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Top 5 Tools for the Not-Yet-Published Writer

by Laura McClellan

As a lifelong student of the writing craft, I’ve heard and read lots of good advice, tons of suggestions for essential tools for those of us who are working toward a career as a writer. I thought I’d offer my suggestions for the top five tools for pre-published writers:

1. A calendar. All the real experts, the pros, seem to agree: the number one key to becoming a skilled writer is to write regularly. But the best of intentions can get derailed by the pressures of daily life. That’s why every writer needs a calendar on which to schedule that regular behind-in-chair time. Make appointments with yourself and write them down. Be in that chair at regular intervals, so your muse will know where to find you.

2. An idea catcher. Ideas really are everywhere, aren’t they? But if you’re like me, your best ideas can disappear almost as quickly as they appear. That why it’s crucial to keep something with you at all times to capture the ideas when they come. Carry a notebook and pen; dictate a voice note into your phone; use note-taking app (I use an app called Drafts on my iPhone and iPad). The method is not nearly as important as the consistent practice of writing down those great ideas before they fly away and land on somebody else’s computer.

3. A support system. If you’re as fortunate as I am, you have a spouse who supports your dream and encourages you to keep at it, who holds down the fort and writes (or at least approves) the checks for conferences and writing materials. Every writer needs someone in her corner, cheering her on, talking her off that ledge on the bad days. If it’s not a spouse, maybe it’s your mom. Or find a writing buddy either locally or online. If you can’t find someone, email me! I’d love to trade encouragement.

4. A teachable heart. At the 2013 ACFW conference, I heard a multi-published, award-winning author say she never wants to stop learning and growing as a writer. No matter where you are in your writing career, there’s always something to learn. We must keep our ears and hearts open. The day we think we’ve got it all figured out is the day we need to shut down our computers and go do something else. Attend workshops. Always keep a craft book handy for bedtime reading. Look for the truth in every critique or rejection letter, no matter how off the mark you think it is-always ask, “What can I learn from this?”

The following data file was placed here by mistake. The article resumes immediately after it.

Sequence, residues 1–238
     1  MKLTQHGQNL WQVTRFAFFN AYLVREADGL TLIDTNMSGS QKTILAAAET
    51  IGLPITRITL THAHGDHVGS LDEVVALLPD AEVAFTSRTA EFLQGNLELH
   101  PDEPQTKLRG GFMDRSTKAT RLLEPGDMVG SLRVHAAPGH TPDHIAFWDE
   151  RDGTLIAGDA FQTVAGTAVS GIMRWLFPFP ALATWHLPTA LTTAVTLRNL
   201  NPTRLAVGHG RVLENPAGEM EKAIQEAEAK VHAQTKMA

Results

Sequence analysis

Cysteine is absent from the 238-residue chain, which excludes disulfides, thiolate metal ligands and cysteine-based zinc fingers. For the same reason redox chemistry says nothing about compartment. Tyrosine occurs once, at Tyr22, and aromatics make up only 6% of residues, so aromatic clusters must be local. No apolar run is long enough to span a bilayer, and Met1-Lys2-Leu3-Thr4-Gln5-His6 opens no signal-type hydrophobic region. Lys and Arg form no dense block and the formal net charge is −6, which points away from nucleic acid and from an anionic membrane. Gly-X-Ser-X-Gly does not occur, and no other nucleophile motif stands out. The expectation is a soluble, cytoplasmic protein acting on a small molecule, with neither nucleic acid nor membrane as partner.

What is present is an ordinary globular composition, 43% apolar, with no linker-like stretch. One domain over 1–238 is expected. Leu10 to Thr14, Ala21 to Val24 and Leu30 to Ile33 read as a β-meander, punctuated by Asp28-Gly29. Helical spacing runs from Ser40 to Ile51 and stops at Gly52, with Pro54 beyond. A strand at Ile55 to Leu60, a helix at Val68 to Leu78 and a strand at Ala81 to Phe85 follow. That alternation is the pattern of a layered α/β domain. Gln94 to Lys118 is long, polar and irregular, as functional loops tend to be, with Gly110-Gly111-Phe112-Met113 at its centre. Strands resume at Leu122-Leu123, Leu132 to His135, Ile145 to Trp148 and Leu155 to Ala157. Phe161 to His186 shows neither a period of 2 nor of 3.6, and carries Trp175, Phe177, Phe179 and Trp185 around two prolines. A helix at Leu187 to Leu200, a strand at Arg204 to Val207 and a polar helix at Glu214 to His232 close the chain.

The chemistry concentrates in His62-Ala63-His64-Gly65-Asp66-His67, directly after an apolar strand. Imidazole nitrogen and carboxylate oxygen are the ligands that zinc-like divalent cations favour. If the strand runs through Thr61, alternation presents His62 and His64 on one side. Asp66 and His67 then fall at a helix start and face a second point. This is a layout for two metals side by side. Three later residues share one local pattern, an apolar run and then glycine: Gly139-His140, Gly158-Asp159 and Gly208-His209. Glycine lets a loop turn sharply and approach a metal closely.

There are lots of other tools, both practical and “philosophical,” that can help a writer in the journey toward publication. I could go on for hours on the subject of technology-computers and apps and printers, oh my! But the tools I’ve listed above are the ones that come to mind for me as the basic building blocks.

Oh, yes-I promised five, didn’t I? The fifth writing essential? Chocolate, of course.

What are your can’t-live-without-them tools for life as a writer?

Laura McClellanLaura McClellan has been married over 30 years to the same man (she says she was a child bride). She’s mom to five, grandmother to five, and a partner in a large Dallas law firm. During her “spare time” Laura is polishing her first novel, a winner in several fiction contests.

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6 Responses to Top 5 Tools for the Not-Yet-Published Writer

  1. Marji Laine says:

    I love your “five,” Laura! Especially that number 2, well and 5 of course! Thanks for sharing your insight!

  2. Ron Estrada says:

    For me, Laura, remaining teachable has been the biggest hurdle. I read all the how-to-write books early on and attended conferences, but I really didn’t sweat over my manuscript to apply what I’d learned. Much like a surgeon who reads medical books for a few years and steps into an operating room, the end result was a disaster. Now I take those same books and conference notes and painstakingly go over my manuscript. One line at a time. That’s where we go from absorbing to learning to applying. It’s hard work, but our passion for it makes it an incredible journey.

  3. Ashlee says:

    Love these tips! I am fortunate enough to have a supportive network of family, and even a couple of friends who write as well and offer encouragement. However, while running a household and homeschooling, it is rather difficult to find the time I’d like to write. But I think your suggestion of having a calendar and making appointments for yourself to sit down and just do it is a great idea! Thanks :)

  4. Ron, you are so right. I’m an admitted craft book junkie, but it’s not enough just to read the books, is it, or even to just attend the workshops at conference. We have to absorb what we’ve heard, resist the urge to defend our “brilliant” work, and do the hard work of applying what we hear to our own writing!

  5. Ashlee, I totally get how hard it is to find the time. With a more-than-full-time law practice and all the other demands on my time and energy, I have to take my own advice and intentionally schedule time to write!

  6. You’re welcome, Marji! It was so nice to see you at the conference! Eat a bite of chocolate for me!